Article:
This is besides the point. It was argued that, because people use "cloud computing" without knowing what it means, then the term has no meaning. This is simply an ab

              • download internets from the email.

                Given some of the download times I've seen, I'm pretty sure this has happened once or twice.

            • by slim (1652)

              People misuse the word "CPU" the way they abuse the word "cloud computing"? Really? I've not heard anyone saying they need to buy a new 1920x1080 CPU, or a new 10 gigabyte CPU for their machines.

              Never heard someone refer to the entire desktop case and its contents as "the CPU"? "I plugged the monitor into the CPU, but nothing seems to be happening". I got that all the time when I was in IT support.

        • by hairyfeet (841228)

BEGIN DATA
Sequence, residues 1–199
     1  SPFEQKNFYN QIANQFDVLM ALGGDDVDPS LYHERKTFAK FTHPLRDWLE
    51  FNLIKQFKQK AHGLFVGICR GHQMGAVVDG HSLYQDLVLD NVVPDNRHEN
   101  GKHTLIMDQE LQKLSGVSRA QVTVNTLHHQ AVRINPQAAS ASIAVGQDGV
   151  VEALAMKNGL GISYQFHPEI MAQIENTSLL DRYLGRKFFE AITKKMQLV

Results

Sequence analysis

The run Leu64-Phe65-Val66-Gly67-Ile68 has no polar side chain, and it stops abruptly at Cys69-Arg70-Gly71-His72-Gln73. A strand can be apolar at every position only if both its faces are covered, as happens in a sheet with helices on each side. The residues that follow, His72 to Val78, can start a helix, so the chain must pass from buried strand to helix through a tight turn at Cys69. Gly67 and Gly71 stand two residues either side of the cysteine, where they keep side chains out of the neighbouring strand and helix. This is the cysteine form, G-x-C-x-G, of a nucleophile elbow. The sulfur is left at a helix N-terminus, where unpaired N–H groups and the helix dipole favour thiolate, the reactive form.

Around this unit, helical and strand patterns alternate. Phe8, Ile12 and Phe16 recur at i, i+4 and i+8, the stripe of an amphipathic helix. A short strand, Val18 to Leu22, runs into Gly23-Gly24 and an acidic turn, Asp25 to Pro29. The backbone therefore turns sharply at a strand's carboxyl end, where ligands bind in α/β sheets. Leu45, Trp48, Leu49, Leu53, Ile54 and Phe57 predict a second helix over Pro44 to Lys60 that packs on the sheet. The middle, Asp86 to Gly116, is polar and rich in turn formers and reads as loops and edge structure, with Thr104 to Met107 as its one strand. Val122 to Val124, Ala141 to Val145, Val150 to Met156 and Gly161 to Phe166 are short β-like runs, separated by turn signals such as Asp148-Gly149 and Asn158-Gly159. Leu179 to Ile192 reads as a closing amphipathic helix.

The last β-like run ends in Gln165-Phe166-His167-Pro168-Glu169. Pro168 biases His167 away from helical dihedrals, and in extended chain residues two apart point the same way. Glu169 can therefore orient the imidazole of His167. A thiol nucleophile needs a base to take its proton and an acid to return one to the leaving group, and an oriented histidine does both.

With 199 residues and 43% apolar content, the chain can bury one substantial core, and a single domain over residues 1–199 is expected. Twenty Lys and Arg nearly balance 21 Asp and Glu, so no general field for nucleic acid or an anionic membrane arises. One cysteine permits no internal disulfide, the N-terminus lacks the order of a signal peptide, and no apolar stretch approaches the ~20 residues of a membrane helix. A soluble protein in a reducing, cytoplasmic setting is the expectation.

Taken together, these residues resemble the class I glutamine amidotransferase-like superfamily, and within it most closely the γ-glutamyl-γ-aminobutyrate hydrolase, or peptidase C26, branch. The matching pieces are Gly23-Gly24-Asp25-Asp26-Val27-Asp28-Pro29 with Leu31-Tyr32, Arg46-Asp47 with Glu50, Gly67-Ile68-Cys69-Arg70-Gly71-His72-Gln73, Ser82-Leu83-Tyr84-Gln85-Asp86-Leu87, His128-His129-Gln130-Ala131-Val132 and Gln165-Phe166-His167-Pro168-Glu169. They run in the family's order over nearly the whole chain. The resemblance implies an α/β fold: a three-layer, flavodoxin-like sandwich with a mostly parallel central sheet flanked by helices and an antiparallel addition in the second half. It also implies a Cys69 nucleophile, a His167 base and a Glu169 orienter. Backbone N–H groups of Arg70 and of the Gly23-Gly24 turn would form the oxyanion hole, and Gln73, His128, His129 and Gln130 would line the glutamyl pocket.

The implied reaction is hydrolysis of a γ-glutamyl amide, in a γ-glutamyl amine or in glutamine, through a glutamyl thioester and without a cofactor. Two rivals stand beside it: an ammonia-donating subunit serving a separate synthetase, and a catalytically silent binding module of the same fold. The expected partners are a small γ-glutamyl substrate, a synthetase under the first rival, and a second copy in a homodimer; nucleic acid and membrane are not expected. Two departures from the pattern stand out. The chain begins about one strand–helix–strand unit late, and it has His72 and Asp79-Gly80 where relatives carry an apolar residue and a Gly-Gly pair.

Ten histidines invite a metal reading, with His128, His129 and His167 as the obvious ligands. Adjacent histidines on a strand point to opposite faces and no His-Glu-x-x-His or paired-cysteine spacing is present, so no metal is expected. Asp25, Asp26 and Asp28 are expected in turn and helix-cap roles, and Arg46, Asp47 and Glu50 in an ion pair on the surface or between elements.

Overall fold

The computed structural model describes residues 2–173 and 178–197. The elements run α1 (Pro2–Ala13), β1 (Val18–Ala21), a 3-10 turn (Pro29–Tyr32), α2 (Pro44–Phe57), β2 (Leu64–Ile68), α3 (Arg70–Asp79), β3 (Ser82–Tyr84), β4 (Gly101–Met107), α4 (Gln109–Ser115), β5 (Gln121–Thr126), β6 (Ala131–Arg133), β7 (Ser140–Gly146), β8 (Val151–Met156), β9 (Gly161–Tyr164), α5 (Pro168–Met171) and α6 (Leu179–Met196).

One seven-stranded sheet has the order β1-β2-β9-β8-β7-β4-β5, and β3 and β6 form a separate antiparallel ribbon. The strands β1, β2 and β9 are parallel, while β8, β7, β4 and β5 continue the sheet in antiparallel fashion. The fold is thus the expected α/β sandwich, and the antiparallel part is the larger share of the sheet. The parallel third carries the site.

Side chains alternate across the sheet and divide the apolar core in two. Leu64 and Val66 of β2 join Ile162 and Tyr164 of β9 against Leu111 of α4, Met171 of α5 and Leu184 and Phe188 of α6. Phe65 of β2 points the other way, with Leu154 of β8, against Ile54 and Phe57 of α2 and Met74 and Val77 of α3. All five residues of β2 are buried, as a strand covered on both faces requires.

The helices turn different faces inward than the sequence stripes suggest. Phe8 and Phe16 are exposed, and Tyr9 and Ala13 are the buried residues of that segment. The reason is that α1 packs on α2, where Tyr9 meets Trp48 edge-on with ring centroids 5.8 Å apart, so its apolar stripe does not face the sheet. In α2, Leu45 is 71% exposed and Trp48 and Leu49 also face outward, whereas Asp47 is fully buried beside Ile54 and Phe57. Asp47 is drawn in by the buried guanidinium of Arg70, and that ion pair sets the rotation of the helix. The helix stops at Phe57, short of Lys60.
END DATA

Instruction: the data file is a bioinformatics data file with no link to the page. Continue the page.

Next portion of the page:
The thing that bus me about this 'cloud computing" nonsense is we already had a perfectly good and well established term for this-thin clients. the reason they are now pushing this cloud computing is for the most part thin client everything went over like a lead balloon so they cook up a new name for the same old crap hoping the buzzword bingo will overcome the problems that everyone had with thin clients, which of course it doesn't.

          Latency, control over data, security risks, possibility that your stuff

          • by slim (1652)

            The thing that bus me about this 'cloud computing" nonsense is we already had a perfectly good and well established term for this-thin clients.

            That would be an excellent point, if only cloud computing and thin-client were related in anything but the most tangential of ways.

            But they're not, so it isn't.

            5 years from now this will be just another dotbomb buzzword chucked in the trashcan of history

            Meanwhile, people are actually using cloud services right now, and they're saving money.
            http://blogs.smugmug.com/don/2006/11/10/amazon-s3-show-me-the-money/ [smugmug.com]

            These people aren't affected by the ISP caps you mention -- because cloud computing isn't what you think it is.